The blade descends to the edge of the tomato and, with little applied pressure, eases through the skin with no resistance, leaving a rich red slice to fall to the cutting board below. It’s one of my defining moments of summer. It requires a superbly sharp knife.
I’m sure that your cutlery is beautifully maintained, but that you share my despair whenever you visit a friend’s kitchen and can’t find a chef’s knife with a decent edge. “I keep my knives dull on purpose,” a friend of mine tried to argue. “That way I won’t cut myself.”
In fact, the opposite is true. It’s the dull blade that inflicts damage, because so much more force is required to accomplish anything and so much less control is therefore available. A good, sharp knife does its work with what feels like minimal effort.
To make sense of the challenge of keeping a knife that sharp, we need to look closely—microscopically, even—at the blade. It’s like a saw. Enlarge the edge and you’ll see a row of tiny pointed teeth. Freshly sharpened, those teeth stand upright, ready to grab that tomato skin and, as you give the knife some lateral movement, inflict a clean incision.
But those teeth get hammered over time, losing that nice alignment. Your light-duty sharpening tool is a steel, which is a long metal or ceramic rod with a handle at one end. Its purpose is to realign the knife’s teeth, restoring a good measure of sharpness, and it’s something many chefs do to their tools before the start of a day’s work.
The efficacy of a steel is complicated by the variety of chef’s knives now available—the principal difference being between Western- and Japanese-style blades. Japanese knives typically are made with harder metal and are sharpened at a more acute angle, allowing them to achieve the sharpest possible edge and hold that sharpness longer. The drawback is that the harder metal is also more brittle, which is why such knives often are clad with multiple layers of softer metal for protection.
A conventional sharpening steel has striated edges that can break tiny chips off of a hard-but-brittle blade, so smoother ceramic steel is recommended for use with Japanese knives. But you’ll also find a degree of fanaticism among owners of such knives, who will let nothing but a waterstone touch the blade.
This introduces the heavy-duty sharpening tools. These are the ones that actually remove metal from the edge, creating a new row of fine, even teeth. Some manner of stone is the simplest and most enduring, but it demands skill. You need to know your grades of grit and sharpening angles.
Waterstones for Japanese knives start with a coarse 300 or so (arato), meant only for reviving a knife that is chipped and dull. You’ll start with a 1,000-grit stone (nakato), which is water-moistened according to its instructions (typically a five-minute soak).
To achieve the 10- to 15-degree angle for the blade face, place two pennies on the stone under the spine of the knife. Give five to seven swipes along the stone. You should feel a burl begin to form. Unless yours is a single-edged knife, flip it and hone the other side. The process is finished with a 6,000-grit stone (shiage).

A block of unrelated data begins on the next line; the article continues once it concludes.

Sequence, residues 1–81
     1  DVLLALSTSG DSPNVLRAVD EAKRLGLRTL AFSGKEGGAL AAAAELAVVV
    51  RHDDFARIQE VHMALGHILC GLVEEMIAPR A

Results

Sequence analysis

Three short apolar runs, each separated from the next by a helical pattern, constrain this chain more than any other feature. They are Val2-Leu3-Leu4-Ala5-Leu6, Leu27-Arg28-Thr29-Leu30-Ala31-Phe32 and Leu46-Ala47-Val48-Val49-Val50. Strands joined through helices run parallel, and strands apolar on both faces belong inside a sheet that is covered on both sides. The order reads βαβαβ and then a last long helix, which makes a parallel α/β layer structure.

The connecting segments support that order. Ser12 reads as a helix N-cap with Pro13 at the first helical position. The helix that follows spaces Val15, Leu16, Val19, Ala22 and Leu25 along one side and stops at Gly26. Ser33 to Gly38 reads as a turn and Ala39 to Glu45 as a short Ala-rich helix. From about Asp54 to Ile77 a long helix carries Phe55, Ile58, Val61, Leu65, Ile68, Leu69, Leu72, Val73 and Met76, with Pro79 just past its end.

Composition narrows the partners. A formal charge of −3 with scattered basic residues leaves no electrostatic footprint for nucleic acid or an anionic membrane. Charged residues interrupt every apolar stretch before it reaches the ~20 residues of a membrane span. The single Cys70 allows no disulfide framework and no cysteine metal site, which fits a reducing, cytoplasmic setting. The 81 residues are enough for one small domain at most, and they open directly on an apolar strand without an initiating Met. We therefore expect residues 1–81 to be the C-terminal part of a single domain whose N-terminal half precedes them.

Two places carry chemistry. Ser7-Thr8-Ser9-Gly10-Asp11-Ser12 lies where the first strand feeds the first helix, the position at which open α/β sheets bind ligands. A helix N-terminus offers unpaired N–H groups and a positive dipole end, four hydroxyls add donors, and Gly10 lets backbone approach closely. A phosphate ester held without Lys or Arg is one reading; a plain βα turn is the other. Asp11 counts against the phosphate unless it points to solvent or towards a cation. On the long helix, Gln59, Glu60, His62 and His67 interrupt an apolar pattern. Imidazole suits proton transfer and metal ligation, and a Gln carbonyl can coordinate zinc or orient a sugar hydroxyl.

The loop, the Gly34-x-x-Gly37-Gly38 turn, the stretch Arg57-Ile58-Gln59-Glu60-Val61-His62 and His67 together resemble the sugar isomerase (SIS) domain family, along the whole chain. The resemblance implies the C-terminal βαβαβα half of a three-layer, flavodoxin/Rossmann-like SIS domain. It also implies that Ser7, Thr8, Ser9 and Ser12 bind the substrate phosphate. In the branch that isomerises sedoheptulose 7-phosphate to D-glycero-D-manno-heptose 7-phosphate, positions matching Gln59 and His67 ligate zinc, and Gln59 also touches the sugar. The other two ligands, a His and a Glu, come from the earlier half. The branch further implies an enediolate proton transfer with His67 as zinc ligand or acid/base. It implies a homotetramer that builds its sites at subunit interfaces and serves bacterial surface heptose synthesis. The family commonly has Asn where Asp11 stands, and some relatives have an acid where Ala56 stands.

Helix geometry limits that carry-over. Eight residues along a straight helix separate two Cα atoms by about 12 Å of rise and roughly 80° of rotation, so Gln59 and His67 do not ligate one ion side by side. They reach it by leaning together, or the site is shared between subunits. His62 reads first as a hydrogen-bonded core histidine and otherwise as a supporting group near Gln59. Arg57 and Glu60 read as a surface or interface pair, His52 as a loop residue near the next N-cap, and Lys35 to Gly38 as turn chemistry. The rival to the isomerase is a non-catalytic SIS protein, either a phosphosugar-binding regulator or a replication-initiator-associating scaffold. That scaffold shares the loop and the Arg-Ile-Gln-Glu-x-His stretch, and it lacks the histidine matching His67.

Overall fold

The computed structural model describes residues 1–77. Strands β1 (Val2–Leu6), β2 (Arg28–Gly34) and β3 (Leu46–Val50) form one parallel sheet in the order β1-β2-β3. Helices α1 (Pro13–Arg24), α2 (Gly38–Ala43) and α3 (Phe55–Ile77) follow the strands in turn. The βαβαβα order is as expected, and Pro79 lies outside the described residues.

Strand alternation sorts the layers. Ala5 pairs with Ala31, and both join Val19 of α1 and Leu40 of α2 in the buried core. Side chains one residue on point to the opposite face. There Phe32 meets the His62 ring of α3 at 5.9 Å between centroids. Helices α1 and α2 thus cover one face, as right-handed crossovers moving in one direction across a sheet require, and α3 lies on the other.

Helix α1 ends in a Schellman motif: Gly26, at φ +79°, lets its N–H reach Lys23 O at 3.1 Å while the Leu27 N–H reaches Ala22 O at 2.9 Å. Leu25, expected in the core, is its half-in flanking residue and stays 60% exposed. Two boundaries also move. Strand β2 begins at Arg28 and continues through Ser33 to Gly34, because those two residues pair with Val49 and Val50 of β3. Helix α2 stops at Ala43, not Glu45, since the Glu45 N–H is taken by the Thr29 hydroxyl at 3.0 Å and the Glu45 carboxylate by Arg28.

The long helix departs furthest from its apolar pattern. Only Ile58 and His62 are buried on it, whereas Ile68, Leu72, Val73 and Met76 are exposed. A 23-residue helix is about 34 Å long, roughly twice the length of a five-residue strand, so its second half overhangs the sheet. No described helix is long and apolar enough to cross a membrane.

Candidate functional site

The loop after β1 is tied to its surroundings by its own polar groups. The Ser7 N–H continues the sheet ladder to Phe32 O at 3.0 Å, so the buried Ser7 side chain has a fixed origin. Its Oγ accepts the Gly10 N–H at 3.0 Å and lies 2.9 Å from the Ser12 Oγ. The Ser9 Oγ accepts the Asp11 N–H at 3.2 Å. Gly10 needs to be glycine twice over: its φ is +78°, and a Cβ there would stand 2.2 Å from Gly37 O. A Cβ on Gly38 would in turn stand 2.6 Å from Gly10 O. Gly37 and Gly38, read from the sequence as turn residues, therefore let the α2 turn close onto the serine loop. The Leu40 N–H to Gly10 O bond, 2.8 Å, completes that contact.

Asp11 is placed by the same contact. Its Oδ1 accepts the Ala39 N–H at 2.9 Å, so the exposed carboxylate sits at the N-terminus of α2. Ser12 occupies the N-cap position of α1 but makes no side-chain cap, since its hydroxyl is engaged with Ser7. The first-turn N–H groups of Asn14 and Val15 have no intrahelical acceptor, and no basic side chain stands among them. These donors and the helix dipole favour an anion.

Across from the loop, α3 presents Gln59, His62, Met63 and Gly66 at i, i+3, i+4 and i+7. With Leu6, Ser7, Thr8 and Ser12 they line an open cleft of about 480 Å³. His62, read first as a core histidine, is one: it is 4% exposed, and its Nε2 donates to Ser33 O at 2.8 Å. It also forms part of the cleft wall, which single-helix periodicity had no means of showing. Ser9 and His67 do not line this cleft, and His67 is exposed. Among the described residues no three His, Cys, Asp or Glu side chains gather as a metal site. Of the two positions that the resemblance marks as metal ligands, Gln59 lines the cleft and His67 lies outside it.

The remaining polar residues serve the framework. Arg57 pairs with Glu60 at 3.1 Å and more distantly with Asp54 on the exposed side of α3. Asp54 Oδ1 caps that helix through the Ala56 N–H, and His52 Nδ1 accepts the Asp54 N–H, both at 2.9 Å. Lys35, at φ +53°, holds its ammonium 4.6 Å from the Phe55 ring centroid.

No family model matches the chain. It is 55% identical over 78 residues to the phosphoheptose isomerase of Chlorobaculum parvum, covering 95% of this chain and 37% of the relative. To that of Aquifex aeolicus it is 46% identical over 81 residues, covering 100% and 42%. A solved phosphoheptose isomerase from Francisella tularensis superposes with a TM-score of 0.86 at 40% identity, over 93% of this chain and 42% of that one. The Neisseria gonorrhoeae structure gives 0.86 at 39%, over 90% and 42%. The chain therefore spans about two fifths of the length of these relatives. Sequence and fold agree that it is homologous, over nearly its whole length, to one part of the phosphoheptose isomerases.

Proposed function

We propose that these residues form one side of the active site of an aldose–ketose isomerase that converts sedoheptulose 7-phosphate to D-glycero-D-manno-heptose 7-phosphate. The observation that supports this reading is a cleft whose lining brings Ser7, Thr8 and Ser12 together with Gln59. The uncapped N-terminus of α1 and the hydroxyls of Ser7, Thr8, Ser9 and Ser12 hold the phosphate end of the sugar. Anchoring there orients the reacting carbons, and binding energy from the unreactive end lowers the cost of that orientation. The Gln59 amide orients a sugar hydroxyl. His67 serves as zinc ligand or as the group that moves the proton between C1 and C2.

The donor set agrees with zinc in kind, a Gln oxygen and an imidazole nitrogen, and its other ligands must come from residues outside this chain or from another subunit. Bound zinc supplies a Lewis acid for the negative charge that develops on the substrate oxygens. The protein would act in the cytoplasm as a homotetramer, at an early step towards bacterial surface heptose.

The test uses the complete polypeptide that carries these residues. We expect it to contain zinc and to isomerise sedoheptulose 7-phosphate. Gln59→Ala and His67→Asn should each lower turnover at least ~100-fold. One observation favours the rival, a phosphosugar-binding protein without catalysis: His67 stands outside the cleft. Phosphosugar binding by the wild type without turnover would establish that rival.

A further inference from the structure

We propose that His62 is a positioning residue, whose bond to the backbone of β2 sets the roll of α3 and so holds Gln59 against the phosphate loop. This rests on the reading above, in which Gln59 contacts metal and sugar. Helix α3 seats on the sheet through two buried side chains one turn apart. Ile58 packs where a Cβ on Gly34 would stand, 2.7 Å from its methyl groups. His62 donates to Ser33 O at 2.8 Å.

Dare I say that this is only scratching the surface? A quick web search will uncover far more detailed advice, with passions running high as to every tool and step involved in the process.
Western-style knives are heavier but are made from softer steel, with a blade angle of 20 degrees on each side. Quick edge-restoration solutions include gadgets like the Fiskars sharpener, available online for about $10, which sports a plastic knife guide to bring the edge in contact with a pair of rollers angled to give you a combined edge of 30 degrees. It will give you an edge, but the edge won’t last as long as a fully sharpened one.
This is also the case with the Wusthof two-stage sharpener, which comes in Japanese (15-degree) and western (20-degree) models, for about $15 to $20 each. Start with a few passes across the coarse (carbide) blades; finish with a few swipes across the ceramic blades. Again, it’s effective, but seems to fall between a steel and a full-fledged sharpening.
This brings us to the motorized models. The necessity of maintaining a correct bevel angle has penetrated the sharpening-world consciousness, so that machines like the Chef’s Choice 1520 are available. At about $150, it’s the price of a decent knife, and it features two-stage guides for 15- and 20-degree blades. Draw your knife a few times through the correct guide, alternating left and right, and you’ll feel a sharper edge with a noticeable burl. Pass the knife through the honing stage and the burl is removed and the blade is as sharp as when it was new.
The Chef’s Choice Trizor gives your western knives a double bevel, letting you bring them to 15 degrees per side, which I think is completely unnecessary. If you want to choose the exact angle, there’s an electric Edgeware sharpener (also about $150) that offers a range of 10 to 30 degrees each side.
Internet blogs teem with advice and opinions on this subject, especially from the sharpen-by-hand enthusiasts. I used to be one of you. I also used to whip cream by hand in a copper pot and chop meat with a hand-cranked grinder. All of which now allows me to enjoy the benefits of motorization so much more, along with some damn sharp knives.